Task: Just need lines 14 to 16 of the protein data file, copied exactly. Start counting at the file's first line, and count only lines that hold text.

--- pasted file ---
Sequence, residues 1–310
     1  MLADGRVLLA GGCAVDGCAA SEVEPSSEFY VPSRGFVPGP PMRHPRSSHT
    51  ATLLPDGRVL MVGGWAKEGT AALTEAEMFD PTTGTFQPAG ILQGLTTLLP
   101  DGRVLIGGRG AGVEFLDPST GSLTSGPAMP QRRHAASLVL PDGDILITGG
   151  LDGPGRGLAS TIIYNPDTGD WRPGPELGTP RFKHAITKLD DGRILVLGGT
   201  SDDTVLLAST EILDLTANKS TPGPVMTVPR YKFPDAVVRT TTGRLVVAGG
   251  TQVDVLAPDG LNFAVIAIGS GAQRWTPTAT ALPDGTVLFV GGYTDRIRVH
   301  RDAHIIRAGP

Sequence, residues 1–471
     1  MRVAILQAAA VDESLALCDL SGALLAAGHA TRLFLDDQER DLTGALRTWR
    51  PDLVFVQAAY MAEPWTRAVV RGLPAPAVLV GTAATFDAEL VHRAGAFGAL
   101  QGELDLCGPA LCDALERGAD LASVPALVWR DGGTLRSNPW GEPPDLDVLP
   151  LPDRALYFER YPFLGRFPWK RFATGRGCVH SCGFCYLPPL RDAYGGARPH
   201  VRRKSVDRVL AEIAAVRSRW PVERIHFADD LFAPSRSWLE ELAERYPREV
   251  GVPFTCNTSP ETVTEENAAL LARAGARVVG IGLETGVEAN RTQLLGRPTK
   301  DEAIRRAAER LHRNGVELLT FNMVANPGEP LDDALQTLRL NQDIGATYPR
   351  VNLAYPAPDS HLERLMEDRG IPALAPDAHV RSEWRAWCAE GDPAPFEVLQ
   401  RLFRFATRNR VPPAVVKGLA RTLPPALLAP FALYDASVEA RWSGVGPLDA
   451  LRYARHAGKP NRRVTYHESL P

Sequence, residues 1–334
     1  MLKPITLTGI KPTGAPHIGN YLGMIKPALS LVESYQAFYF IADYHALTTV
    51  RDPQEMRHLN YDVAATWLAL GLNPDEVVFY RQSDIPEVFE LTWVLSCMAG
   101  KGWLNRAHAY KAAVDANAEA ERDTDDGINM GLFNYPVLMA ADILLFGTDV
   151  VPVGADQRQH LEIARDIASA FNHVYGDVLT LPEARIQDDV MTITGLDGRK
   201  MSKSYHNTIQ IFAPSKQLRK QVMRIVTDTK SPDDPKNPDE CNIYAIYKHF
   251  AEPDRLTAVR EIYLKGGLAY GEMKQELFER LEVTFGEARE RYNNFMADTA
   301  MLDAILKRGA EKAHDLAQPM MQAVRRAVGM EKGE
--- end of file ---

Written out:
   201  VRRKSVDRVL AEIAAVRSRW PVERIHFADD LFAPSRSWLE ELAERYPREV
   251  GVPFTCNTSP ETVTEENAAL LARAGARVVG IGLETGVEAN RTQLLGRPTK
   301  DEAIRRAAER LHRNGVELLT FNMVANPGEP LDDALQTLRL NQDIGATYPR